12 Sept 2017
Synthetic biology is just one in a series of multi-disciplinary technologies moving industry into the future. The goal? To engineer organisms to produce chemicals from natural, renewable, and easily accessed products, such as glucose, CO2 or methane. Take glucose for example; as the base product for DNA, researchers can now synthesise a specific DNA sequence calculated on a database, all made from sugars. Advancements like this mean that we now have the scope to build our own biological systems and further clinical research, much like synthesis was able to achieve for chemistry.
Progress in the area is considered particularly lucrative for industry, with the Engineering and Physical Sciences Research Council having invested a near £50 million into research on innovation and technologies in synthetic biology to improve the UK’s competitiveness in R&D. The UK is not the only one wanting to get ahead – the US Infectious Disease Research Institute recently announced its intentions to move forward many early-stage candidates to the clinical trial stage, in a bid to eliminate more global infectious diseases, while working closely with biotechnology companies and partners along the way.
Many of the innovative efforts are focused on clinical applications of synthetic biology, and how this new technology can influence the way we diagnose and treat disease. Recent developments have included promising cases of therapeutic microbes.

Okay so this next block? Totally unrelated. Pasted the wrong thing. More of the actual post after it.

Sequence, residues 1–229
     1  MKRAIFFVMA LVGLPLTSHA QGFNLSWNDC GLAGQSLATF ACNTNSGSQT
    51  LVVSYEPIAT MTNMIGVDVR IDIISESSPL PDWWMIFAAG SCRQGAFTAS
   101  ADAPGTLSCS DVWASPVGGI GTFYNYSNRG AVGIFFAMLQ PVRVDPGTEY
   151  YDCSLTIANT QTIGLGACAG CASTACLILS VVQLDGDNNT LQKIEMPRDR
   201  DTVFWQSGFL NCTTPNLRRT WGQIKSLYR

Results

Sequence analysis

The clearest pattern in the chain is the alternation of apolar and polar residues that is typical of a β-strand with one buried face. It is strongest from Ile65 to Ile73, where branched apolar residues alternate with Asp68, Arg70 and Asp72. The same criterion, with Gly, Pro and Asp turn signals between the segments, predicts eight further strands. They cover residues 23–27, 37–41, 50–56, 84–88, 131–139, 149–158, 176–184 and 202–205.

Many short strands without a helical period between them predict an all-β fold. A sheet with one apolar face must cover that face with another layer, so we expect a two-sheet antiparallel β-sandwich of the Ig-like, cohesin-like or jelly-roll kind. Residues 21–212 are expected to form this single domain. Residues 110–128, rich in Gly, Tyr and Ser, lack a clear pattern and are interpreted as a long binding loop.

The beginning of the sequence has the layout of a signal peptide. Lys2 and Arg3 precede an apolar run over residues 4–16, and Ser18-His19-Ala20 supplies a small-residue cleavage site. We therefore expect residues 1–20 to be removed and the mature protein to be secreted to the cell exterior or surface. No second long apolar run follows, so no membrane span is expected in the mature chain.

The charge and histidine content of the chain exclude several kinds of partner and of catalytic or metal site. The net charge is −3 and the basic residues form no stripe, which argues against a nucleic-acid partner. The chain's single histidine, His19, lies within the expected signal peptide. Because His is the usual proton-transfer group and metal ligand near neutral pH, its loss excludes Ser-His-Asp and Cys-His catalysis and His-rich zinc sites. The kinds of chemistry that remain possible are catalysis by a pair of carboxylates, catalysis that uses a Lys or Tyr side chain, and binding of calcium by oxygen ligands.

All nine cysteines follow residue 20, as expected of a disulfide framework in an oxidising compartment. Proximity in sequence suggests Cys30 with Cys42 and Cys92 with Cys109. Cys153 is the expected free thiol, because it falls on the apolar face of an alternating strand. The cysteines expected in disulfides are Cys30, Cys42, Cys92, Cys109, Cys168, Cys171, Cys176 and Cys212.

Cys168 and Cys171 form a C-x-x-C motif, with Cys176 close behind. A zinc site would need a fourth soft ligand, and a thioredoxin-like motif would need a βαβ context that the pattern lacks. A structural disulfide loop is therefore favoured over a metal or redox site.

One of the most high-profile breakthroughs in medicine from synthetic biology research is the creation of a precursor to anti-malarial drugs, artemisinic acid, from yeast. Artemisinic acid can be sourced from Artemisia annua (sweet wormwood) using an extraction process, which before this discovery was in a crisis state due to unrelenting demand and limited supplies of the plant. Now, instead of relying on natural sources, scientists can produce artemisinin-based therapies (ACTs), ranked the most effective anti-malarial treatment, which are cheaper and more reliable. In 2013, French pharmaceutical giant Sanofi opened a new facility to mass produce artemisinin to help supply heavily affected areas.
Credit: James Gathany for CDC (left)
Caption: Malaria is most commonly transmitted by the female Anopheles mosquito bite, which transfers parasites from the mosquito’s saliva to an individual’s blood
Scientists in the US were able to modify the metabolic pathways of Saccharomyces cerevisiae, a species of yeast that is used in winemaking and baking, so the organism could convert sugars to artemisinic acid, which can then be used to make artemisinin. The process is referred to as ‘semi-synthetic’ since the acid production phase of the process is still natural. The research, which was partly funded by the Bill & Melissa Gates Foundation, means that artemisinin can now be produced on a much larger scale, creating a low-cost drug that could help eliminate malaria in the developing world.
Credit: Mogana Das Murtey and Patchamuthu Ramasamy (right)
Caption: A strain of yeast (S cerevisiae) has been genetically engineered to trigger an immune response against cancer cells in mice